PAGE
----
Christmas 1A’22
1 January 2023
John 1.1-5
St. Luke’s Episcopal Church
North Little Rock, Arkansas
The Rev. Carey Stone <+>

What has come into being in Christ was Life, and the life was the light of All people; in the Name of the Father, and of the Son, and of the Holy Spirit. Amen.


It was a hot Sunday morning in August and the AC didn’t seem to be working very well, so many of the parishioners were using their bulletins as fans to try and cool off. An eight-year-old precocious boy named ‘Johnny’ whispered to his mother how hot he was.  About that time, the priest began his sermon with a reading from the book of First Samuel. Before reading he said, “today’s passage tells us what God does to his enemies!” Then he began, “And it was so, that after the Philistines had carried the Ark of the covenant, the hand of the Lord was against the city with a very great destruction: and he smote the men of the city, both small and great, and they had ‘emerods’ in the secret parts.” The congregation instantly and in unison stopped fanning themselves and collectively gasped. Just to clarify in that particular passage ‘emerods’ is spelled e-m-e-r-o-d-s! Eight-year-old Johnny had heard his parents talking about ‘hemorrhoids’ once but wasn’t exactly sure what they were. He knew that they had something to do with the bathroom, which is at the top of the list for an 8-year old’s humor. He tried to place his hand over his mouth but he was too late and his laugh pierced the holy silence. His mother whispered his name sternly while firmly squeezing his hand in an attempt to silence him, then Johnny blurted out, “But Mom, he said Hemorrhoids!”  and subdued snickers and chuckles began to softly ripple across the congregation.[1] That Sunday Johnny learned two ‘truths’, 1) God will smite his enemies with Hemorrhoids and 2) Never laugh in church! The first so-called truth has hopefully been disproven by our own life experience and the second we just violated by laughing.


Religion can certainly get it wrong. The writer G.K. Chesterton once noted that, “Life is serious all the time, but living cannot be…In anything important (such as birth, death, and religion) you must have mirth, or you will have madness.” I think a humorless religion certainly qualifies as madness.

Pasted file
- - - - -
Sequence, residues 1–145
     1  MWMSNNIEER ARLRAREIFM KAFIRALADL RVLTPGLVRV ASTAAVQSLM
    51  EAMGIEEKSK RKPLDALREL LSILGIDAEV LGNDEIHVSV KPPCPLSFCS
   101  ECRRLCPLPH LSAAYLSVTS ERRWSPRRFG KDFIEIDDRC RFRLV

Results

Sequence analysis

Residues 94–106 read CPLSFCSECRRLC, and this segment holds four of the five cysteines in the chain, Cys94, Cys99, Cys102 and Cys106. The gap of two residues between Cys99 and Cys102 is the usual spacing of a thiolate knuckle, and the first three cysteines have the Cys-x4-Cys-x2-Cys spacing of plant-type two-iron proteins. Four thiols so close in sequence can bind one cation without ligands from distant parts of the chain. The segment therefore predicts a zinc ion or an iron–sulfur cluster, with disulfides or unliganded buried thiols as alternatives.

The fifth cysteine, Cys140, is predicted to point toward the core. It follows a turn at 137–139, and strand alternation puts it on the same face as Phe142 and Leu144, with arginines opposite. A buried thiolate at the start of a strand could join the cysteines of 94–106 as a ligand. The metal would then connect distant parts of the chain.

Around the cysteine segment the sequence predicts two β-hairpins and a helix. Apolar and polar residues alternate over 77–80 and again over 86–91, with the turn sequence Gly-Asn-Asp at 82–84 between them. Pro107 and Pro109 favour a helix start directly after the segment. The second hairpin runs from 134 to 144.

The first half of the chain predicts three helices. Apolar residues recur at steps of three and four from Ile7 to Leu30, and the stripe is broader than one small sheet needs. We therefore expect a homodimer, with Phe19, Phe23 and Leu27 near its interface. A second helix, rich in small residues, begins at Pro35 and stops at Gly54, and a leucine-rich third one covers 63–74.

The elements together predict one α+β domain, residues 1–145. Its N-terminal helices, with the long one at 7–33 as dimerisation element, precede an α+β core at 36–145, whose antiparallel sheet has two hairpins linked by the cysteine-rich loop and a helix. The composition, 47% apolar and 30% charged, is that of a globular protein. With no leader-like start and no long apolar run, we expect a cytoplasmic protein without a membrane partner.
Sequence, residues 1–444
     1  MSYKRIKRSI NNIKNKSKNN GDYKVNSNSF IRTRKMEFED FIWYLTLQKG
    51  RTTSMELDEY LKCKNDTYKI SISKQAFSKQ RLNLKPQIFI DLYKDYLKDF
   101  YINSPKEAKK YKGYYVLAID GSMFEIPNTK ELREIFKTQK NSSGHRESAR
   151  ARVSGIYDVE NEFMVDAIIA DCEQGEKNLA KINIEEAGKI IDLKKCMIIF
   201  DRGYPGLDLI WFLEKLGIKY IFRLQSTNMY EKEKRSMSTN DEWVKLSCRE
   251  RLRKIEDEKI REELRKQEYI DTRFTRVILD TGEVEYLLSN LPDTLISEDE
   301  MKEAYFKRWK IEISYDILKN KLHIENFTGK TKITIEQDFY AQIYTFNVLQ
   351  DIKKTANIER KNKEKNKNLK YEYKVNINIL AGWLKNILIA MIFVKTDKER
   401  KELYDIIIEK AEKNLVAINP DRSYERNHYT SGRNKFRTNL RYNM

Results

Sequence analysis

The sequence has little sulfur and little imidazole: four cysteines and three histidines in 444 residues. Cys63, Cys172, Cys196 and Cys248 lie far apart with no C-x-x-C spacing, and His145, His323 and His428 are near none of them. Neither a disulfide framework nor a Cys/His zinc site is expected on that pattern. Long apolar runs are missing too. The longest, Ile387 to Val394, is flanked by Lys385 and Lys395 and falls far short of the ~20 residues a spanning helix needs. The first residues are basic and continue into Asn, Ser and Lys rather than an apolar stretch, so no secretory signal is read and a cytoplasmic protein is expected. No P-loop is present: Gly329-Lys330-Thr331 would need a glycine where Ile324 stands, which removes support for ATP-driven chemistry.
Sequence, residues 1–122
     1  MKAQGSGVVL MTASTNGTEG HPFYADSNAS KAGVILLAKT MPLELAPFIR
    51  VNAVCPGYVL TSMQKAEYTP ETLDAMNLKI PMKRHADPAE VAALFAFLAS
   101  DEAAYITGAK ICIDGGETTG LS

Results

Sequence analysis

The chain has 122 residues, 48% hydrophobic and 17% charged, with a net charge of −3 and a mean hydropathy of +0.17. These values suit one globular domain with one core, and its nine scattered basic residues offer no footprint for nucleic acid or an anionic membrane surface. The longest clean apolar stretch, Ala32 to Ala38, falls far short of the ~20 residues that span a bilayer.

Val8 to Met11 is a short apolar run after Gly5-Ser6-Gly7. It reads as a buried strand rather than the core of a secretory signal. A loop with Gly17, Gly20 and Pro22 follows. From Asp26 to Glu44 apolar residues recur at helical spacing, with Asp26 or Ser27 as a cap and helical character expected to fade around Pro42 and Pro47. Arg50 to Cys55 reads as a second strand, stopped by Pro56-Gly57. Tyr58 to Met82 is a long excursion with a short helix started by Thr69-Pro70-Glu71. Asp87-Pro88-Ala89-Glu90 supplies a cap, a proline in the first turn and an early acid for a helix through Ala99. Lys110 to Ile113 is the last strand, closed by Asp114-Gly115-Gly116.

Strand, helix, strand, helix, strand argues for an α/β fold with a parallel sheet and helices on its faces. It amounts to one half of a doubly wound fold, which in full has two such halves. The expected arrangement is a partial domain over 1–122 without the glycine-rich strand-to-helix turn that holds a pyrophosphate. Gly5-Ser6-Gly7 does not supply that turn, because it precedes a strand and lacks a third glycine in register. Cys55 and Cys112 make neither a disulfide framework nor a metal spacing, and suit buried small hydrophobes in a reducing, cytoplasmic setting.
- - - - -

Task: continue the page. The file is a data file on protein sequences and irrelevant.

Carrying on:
This being the first of January we are in the midst of another madness – New Year’s Resolutions. As the original ‘Wildman’ Oscar Wilde reportedly said, “A New Year’s resolution is something that goes in one year and out the other.” As we all know business will be booming at practically every fitness center and health club across the country – for the next three weeks, followed by a marked decline in business!  Perhaps reality is a bit closer to Jack Nicholson’s honesty, “It’s that time of year for all the “New Year – New Me” BS. I’d like to assure everyone that (and I’ll use the PG version) I will remain the same loveable [orifice] that I’ve always been.” Eventually we live long enough to realize that the first day of the year is not magical, that transformation is a long and difficult road filled with victories and defeats both great and small.


A part of our difficulties might just clear up if we would reconsider the lens we are looking at life through. If you were to ask many different types of Christians how to better see the world and one another their answer might be “well through the word of God.” That’s not a bad answer, in fact it’s a pretty good one, but it’s also where the trouble can start. First let’s think for a minute how we spell “the word/Word of God.” Do we spell “word” with a lower case “w” or “Word” with an upper case “W.” That will make a huge difference in our interpretation of the world and of each other. In John’s Gospel we get the right answer: In the beginning was the Word, (upper case W) and the Word (upper case W), and the Word (upper case W) was God.” John is telling us that the Word of God is not a book but a person – Jesus! The Eternal Word is not a “what” but a “who!” That great 20th cen. theologian, Karl Rahner put it this way: “When we say, ‘It is Christmas,’ we mean that God has spoken into the world his last, his deepest, his most beautiful word in the incarnate (upper case W) Word.”[2] This is not to be disrespectful of the Bible, it is simply to say the words in the book are not infallible, it is Jesus who is infallible and who is the Incarnate Word. Now I should state the obvious that Jesus does not address every topic and solve all the conundrums we will face in 2023. However, through his words and deeds we see the very Heart of God! While we may find scriptures that will give us counsel on many important matters it is ultimately thorough the life of Christ that we must judge and decide how we will live our lives, and how to view our neighbor.


Rather than resolutions, perhaps a better way to start the year is with acceptance, acceptance of ourselves, acceptance of others {warts and all}, and acceptance of life on life’s terms, and all seen through the lens of The Eternal Word -Jesus Christ. And finally, to commit ourselves to life-long learning and transformation through a relationship with Christ. I’d like to leave you with a blessing for 2023 that’s hard to improve on:


          The Lord bless you and keep you;

           the Lord make his face to shine upon you, and be gracious to you;

          the Lord lift up his countenance upon you, and give you peace.[3]



[1] Sparks, Susan, the Rev., Laugh Your Way to Grace (pp.31-2

[2] Rahner, Karl in The Glenstal Book of Readings for the Seasons (Liturgical Press: Collegeville, Minnesota, 2008) p.74

[3] From Numbers 6.22-27